British Kinematography (1947) - Book Reviews
- article: Book Reviews
- author(s): John Croydon
- journal: British Kinematography (January/February 1947)
- issue: volume 10, issue 1, page 87
- journal ISSN:
- publisher: British Kinematograph Society
- keywords: "Twenty Years of British Film: 1925-1945" - by Michael Balcon and others, Alfred Hitchcock, Blackmail (1929), Michael Balcon, Victor Saville
TWENTY YEARS OF BRITISH FILM, by Michael Balcon, Ernest Lindgren, Forsyth Hardy, and Roger Manvell. The Falcon Press. Price 10s. 6d.
Here are the beginnings of what might have been a very significant volume on the subject of British Film. Unfortunately, in its literary content, it goes so far and no farther. It divides itself sharply into four compartments. By way of introduction, Michael Balcon sounds a wise and timely warning for the future of the British quality film.
Ernest Lindgren writes on the early feature film, and is responsible for an extremely interesting analytical exercise concerning the early Quota period. He mentions quickly seventy-two film titles, all outstanding in their time and all well remembered. Twenty-six of these are associated with Michael Balcon and twelve with Sir Alexander Korda. Directorial credits constantly recurring are Hitchcock, Asquith, Forde, Saville and Wilcox. Is it that the period is now sufficiently in retrospect for the sterling service rendered British Films by this small group of producers and directors to be at last fully recognised and acknowledged?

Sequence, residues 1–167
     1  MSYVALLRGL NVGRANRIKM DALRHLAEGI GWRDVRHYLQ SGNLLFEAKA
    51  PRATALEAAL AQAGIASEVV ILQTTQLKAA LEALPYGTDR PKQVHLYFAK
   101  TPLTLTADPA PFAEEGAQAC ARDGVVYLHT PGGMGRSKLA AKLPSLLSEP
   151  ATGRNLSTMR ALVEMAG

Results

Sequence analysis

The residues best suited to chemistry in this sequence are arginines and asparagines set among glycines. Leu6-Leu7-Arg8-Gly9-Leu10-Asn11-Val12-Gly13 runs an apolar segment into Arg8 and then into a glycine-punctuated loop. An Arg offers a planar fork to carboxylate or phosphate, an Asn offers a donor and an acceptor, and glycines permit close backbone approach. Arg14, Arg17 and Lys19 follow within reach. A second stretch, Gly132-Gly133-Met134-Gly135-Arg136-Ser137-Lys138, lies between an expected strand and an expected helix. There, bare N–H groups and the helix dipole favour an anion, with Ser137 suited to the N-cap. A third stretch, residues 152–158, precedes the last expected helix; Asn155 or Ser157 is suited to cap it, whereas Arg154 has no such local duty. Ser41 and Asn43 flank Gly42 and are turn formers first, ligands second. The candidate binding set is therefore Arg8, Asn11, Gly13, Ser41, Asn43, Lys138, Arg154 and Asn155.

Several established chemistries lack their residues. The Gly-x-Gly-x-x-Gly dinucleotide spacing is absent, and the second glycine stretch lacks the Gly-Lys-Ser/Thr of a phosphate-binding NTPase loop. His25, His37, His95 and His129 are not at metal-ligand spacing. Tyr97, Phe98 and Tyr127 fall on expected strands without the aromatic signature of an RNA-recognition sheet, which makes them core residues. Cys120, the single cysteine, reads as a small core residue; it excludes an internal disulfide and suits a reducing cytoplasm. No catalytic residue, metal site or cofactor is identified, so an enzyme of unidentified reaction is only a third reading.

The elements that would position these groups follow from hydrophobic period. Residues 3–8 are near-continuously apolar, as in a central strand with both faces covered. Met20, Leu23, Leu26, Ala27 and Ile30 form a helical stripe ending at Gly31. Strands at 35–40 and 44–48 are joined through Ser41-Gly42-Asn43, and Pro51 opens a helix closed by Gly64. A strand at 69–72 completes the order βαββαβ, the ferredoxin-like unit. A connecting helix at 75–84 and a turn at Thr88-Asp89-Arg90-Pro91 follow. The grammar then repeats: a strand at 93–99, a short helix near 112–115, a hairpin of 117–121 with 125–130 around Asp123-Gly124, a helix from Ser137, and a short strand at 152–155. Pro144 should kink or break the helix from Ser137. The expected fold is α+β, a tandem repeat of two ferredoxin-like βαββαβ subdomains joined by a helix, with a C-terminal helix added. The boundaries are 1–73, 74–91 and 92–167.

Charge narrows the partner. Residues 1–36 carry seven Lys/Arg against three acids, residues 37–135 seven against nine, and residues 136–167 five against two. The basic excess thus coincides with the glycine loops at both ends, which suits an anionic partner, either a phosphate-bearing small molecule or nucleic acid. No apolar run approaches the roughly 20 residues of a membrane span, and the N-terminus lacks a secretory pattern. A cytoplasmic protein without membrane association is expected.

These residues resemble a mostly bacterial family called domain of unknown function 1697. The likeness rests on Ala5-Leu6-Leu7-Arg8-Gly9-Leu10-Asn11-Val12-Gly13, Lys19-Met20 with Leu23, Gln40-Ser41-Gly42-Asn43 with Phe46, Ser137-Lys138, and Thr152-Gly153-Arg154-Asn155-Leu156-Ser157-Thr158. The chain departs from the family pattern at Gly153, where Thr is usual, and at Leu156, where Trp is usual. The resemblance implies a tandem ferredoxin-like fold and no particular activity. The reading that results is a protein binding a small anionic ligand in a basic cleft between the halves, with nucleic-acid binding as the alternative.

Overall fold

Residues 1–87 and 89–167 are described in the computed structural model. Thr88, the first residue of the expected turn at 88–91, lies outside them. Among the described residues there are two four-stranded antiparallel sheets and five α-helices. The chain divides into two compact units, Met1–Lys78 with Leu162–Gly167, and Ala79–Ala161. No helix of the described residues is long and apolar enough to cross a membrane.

Forsyth Hardy's chapter on the British documentary film traces quickly the beginning, growth and acceptance of this significant aspect of production without which the British Film would be incomplete.
Lastly, Roger Manvell, whose literary efforts on behalf of the industry are becoming prodigous, summarises the situation during the war years and brings the reader up to date ; at the same time adding another word of warning for the future.
The whole is more than adequately seasoned by a remarkable series of stills covering production from "Blackmail" (1929) to "Painted Boats" (1945), incidentally proving that out of the welter of inferior product between 1929 and 1939 the British quality film emerged and commands nostalgic remembrance.
A volume to recommend as a spring board for students of the British kinema, as well as to authors and lecturers whose memories require a quick and easy prompt. Nevertheless, there remains the regret that the literary content of this well produced book was not more fully developed.